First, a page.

Armée des Émigrés at the Battle of Quiberon.
The émigré armies of the French Revolutionary Wars were armies raised outside of France by and out of Royalist émigrés, with the aim of overthrowing the French Revolution, reconquering France and restoring the monarchy. These were aided by royalist armies within France itself, such as the Chouans, and by allied countries such as Great Britain, and fought (for example) at the sieges of Lyon and Toulon.
They were formed from:
* noblemen volunteers, either descendents of the ancient royal family or not, who had fled France
* troops raised by these nobles through subsidies from other European monarchies, or through their own means
* units of the French army which had also emigrated, such as the 4e régiment de hussards
Even Napoleon said of them “True, they are paid by our enemies, but they were or should have been bound to the cause of their King. France gave death to their action, and tears to their courage. All devotion is heroic.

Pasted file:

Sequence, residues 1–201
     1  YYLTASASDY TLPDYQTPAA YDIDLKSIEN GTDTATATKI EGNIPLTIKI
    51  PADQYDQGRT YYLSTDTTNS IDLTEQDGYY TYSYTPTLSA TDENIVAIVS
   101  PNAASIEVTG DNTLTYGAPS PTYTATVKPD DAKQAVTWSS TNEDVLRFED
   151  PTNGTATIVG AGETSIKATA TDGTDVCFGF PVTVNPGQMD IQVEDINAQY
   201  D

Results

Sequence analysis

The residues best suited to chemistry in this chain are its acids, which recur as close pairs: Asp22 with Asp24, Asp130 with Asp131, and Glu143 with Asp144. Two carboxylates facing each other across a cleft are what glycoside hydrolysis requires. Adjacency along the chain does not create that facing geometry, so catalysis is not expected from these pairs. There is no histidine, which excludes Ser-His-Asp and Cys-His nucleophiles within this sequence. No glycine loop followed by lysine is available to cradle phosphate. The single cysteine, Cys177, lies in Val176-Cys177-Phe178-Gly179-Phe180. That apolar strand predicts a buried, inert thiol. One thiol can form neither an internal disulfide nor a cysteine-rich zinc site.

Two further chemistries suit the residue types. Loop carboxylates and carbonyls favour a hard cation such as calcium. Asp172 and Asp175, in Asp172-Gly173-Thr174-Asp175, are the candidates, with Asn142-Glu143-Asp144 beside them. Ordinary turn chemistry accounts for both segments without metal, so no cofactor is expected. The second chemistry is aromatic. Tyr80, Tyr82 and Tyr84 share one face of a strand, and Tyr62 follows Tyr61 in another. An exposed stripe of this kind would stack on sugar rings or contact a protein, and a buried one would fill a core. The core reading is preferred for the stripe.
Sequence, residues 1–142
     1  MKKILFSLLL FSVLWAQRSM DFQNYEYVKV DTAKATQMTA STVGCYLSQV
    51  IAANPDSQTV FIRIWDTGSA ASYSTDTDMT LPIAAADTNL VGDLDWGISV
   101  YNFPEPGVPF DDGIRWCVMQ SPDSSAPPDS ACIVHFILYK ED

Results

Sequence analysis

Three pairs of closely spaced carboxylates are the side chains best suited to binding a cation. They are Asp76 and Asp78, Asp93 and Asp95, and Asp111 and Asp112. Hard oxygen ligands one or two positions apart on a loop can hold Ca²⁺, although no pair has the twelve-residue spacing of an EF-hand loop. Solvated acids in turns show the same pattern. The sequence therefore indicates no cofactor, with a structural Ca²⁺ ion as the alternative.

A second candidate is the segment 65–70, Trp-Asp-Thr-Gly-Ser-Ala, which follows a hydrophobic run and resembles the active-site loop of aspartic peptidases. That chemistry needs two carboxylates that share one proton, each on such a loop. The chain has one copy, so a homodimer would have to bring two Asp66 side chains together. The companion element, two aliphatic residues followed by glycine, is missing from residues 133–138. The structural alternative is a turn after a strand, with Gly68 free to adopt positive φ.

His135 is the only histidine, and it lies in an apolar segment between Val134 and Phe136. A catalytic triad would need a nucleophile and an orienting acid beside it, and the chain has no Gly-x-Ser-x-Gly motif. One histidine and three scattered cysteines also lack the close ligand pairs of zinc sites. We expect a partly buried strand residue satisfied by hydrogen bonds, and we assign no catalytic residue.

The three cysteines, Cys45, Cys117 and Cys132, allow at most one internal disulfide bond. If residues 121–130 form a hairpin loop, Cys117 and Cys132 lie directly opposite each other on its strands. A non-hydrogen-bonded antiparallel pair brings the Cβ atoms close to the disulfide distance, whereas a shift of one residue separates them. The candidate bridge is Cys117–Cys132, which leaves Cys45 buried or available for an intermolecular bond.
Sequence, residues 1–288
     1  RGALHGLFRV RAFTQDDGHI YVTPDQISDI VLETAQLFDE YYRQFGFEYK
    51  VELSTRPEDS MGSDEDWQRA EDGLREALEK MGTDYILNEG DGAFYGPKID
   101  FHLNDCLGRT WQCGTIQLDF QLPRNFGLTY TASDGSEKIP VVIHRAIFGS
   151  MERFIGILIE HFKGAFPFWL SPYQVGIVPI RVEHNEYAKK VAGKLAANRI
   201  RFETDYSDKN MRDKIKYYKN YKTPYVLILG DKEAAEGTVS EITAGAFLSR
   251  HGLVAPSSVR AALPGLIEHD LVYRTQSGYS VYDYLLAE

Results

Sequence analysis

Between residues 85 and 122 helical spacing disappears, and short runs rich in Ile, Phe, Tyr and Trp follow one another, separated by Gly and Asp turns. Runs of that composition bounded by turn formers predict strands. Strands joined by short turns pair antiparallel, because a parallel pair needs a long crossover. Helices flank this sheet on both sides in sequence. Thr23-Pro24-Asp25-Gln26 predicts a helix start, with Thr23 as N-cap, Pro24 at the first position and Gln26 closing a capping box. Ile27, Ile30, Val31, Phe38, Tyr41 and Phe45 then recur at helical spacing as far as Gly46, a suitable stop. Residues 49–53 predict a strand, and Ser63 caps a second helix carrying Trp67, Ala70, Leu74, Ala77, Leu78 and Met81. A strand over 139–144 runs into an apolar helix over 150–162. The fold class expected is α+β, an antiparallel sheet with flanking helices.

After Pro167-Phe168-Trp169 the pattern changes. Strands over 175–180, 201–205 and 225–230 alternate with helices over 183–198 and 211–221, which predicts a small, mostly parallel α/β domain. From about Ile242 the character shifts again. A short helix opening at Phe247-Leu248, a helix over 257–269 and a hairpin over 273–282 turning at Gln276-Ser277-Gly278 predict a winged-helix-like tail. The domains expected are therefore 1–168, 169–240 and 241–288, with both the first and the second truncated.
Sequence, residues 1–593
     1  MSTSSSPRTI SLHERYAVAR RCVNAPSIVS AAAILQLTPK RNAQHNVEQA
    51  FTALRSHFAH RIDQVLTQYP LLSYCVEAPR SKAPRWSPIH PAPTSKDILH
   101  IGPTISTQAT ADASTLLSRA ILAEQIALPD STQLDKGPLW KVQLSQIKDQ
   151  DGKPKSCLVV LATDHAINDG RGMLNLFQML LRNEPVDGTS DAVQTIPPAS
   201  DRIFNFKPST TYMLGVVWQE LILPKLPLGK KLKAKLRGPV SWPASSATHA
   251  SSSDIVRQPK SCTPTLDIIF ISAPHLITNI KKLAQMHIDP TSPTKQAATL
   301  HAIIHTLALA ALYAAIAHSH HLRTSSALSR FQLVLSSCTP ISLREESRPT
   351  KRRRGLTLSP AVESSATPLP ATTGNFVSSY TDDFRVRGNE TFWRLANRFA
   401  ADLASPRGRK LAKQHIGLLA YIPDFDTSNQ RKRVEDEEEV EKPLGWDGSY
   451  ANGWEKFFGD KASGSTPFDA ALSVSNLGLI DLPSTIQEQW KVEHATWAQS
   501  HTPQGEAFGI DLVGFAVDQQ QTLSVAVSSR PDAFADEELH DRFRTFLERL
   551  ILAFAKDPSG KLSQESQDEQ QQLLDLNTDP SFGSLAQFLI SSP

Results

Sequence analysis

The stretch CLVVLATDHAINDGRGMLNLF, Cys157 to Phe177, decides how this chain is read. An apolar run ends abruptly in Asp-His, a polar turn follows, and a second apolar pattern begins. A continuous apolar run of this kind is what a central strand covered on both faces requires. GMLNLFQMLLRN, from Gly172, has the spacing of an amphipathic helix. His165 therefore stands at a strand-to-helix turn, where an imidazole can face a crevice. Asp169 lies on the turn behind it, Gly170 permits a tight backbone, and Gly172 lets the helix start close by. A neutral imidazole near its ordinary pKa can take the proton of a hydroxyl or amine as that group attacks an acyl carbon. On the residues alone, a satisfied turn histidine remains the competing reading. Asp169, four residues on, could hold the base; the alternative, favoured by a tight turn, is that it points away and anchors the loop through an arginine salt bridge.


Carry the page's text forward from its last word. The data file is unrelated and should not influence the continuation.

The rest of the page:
The Revolutionary and Napoleonic era was a time of massive personal displacement when, as a result of war and upheaval, soldiers marched toward and civilians fled from zones of conflict. Many individuals left France altogether during the 1790s, in successive waves that became a tide of emigration. The émigrés, as they were known, probably numbered some 100,000 in total, though precise figures are difficult to obtain since the official records both omitted genuine cases and included those who had left their homes but remained in the country. Unlike loyalists fleeing the earlier American Revolution, for instance, most émigrés would eventually return to France within a decade, but their departure and subsequent fate was a significant factor in French politics for far longer.